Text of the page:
Norman Seeff was born March 5, 1939 in Johannesburg, South Africa. Seeff graduated with honors in science and art at King Edward VII School in Johannesburg. At the age of 17, he was drafted as the youngest player in the South African national soccer league. Seeff qualified as a medical doctor in 1965. For three years he worked in emergency medicine at the Chris Hani Baragwanath Hospital in Soweto focusing on the management of traumatic shock. In 1969, he immigrated to the United States to pursue his creative passions and artistic abilities.
‘My whole thing was,'It'snot about photography – it's about communication.’
Known for his intimate portraits of 1970s icons, from Janis Joplin and the Rolling Stones to Tina Turner, Patti Smith, and Ray Charles, Norman Seeff is unlike any other celebrity photographer. Norman Seeff’s work focuses on the exploration of his subjects’ creativity and the dynamics of the creative process. His interactive photoshoots, or‘sessions’,often involve live performances and personal interviews, which allow him to capture the unique essence of each person he photographs. These sessions, which often draw audiences as large as 250 people, reveal the true personality of each sitter through intimate conversation and the easy, laid back quality of a simple grey backdrop.
For over four decades, acclaimed photographer Norman Seeff has produced some of the most enduring images of the world’s greatest cultural icons, from musicians to moguls, actors to athletes.
“It's not about photography – it's about communication.”
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MORE ABOUT NORMAN SEEFF
In 1968, he moved to New York to pursue his creative passions and artistic abilities.
Soon Seeffs photographs of the people he encountered on the streets of Manhattan were discovered by the famed graphic designer Bob Cato. As the former Vice President of Creative Services at Columbia Records, Cato was renowned for his album cover design which had won two Grammy Awards. Cato became an important mentor to Seeff and gave him his first major photographic assignment producing images for The Band's Stage Fright album.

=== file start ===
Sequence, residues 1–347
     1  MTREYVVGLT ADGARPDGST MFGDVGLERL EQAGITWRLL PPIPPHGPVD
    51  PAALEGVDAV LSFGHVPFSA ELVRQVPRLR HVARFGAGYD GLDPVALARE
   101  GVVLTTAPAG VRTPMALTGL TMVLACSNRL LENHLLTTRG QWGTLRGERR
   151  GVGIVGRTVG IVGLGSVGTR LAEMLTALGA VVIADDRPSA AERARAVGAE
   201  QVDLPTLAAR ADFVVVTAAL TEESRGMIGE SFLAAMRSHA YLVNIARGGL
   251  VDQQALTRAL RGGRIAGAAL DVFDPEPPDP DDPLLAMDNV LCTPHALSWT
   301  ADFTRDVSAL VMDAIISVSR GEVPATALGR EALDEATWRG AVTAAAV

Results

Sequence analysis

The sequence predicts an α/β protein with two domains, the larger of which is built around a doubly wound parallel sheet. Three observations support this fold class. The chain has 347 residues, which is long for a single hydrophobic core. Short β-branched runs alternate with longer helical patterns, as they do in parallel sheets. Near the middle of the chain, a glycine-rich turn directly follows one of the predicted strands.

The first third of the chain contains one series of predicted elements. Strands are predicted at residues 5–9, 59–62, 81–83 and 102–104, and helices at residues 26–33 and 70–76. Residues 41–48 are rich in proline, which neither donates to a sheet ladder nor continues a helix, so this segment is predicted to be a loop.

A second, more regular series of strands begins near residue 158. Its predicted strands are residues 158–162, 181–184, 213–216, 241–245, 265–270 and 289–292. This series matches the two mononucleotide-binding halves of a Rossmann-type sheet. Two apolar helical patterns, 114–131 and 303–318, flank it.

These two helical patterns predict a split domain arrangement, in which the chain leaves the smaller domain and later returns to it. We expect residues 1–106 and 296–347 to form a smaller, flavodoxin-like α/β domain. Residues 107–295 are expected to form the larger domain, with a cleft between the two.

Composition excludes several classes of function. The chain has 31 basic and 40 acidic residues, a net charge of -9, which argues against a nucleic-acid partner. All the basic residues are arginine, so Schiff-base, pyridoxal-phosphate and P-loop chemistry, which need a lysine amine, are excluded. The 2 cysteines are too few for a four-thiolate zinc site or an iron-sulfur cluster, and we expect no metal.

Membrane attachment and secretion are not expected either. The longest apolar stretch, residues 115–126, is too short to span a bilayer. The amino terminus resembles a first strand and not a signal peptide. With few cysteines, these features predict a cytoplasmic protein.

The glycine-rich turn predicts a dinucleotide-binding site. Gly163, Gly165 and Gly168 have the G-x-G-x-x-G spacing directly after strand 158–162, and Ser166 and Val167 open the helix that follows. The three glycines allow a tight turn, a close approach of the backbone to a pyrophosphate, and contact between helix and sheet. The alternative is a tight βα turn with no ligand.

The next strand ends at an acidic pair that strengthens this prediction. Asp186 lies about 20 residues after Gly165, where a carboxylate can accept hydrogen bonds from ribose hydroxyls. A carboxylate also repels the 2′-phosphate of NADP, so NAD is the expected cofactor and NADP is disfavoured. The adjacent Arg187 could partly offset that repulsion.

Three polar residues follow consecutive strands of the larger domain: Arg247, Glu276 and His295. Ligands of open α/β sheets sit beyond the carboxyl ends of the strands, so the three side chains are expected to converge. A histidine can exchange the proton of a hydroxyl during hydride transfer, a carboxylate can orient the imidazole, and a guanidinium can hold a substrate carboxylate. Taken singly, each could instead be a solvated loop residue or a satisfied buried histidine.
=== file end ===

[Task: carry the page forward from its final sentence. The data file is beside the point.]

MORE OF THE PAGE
Seeff's iconic image of the group was re-produced as a poster inserted under the album's shrink wrap, which when unfolded, became a hugely popular collectors' item. This brought him immediate recognition and launched his career as a"rock"photographer. His early work also includes images of Debbie Harry, Patti Smith, Robert Mapplethorpe, Andy Warhol as well as other New York City personalities.
Norman Seeff relocated to Los Angeles to become creative director of United Artists Records.
His innovative approach to collaborative art-direction resulted in multiple Grammy Award nominations for graphic design.
Two years later, he opened an independent studio on the'strip'on Sunset Boulevard.
His photographic sessions became legendary and attracted audiences of 30–40 at each session, swelling to over 200 on some occasions.
In his evolution as a photographer of public personalities, Seeff realized that to accomplish the vitality and authenticity he was looking for in his images required a paradigm shift in his interaction with artists and innovators.
Creating the session as both a nurturing and challenging environment for a co-creative relationship with artists, it evolved as a laboratory for the exploration of the fundamental dynamics of creativity from the"inside"out.
Responding to the emotional authenticity and depth of the creative communication between himself and artists, Seeff brought a film crew into a session for the first time in 1975, beginning with Ike and Tina Turner.
For Seeff, the session became the art-form itself, transforming into a multi-disciplinary process of photography, filmmaking and creative communication.
Norman Seeff has documented over 500 sessions with artists of many disciplines including musicians, actors, writers, directors, actors, scientists, entrepreneurs, and politicians.
His creative interaction with renowned creators and innovators includes such luminaries as Ray Charles, Joni Mitchell, Guthrie Thomas, Kiss, Steve Jobs, Steve Martin, John Huston, Martin Scorsese, Billy Wilder, Bob Fosse, will.i.am, Tina Turner, Alicia Keys, Sir Francis Crick, Nobel Prize winners and hundreds of others.
In 1990, Seeff applied the spontaneous and co-creative approach he had developed during his photo sessions to working with actors in television commercials. During the 1990s, he became an acclaimed, award-winning director of hundreds of national commercials for major brands including Apple, Levi's, Glaxo, Nissan, Toyota, General Motorsand Motorola.
Seeff returned to photography and the documentation of his sessions in 1999 in order to produce a documentary exploration of the artist's journey for the opening of Paul Allen's Experience Music Project and sessions with the stars of Paramount Television and Caltech's many Nobel Science Laureates.
It was this assignment that led to Seeff being invited to work with the NASA space explorers at the Jet Propulsion Laboratory(JPL)and to the production of his documentary film Triumph of the Dream. The documentary reveals the human face of the Mars Exploration mission that landed two rovers on Mars in 2004. In the film, Seeff uses the”SevenStage Dynamic of the Creative Process” he developed in his photo sessions as the underlying narrative structure.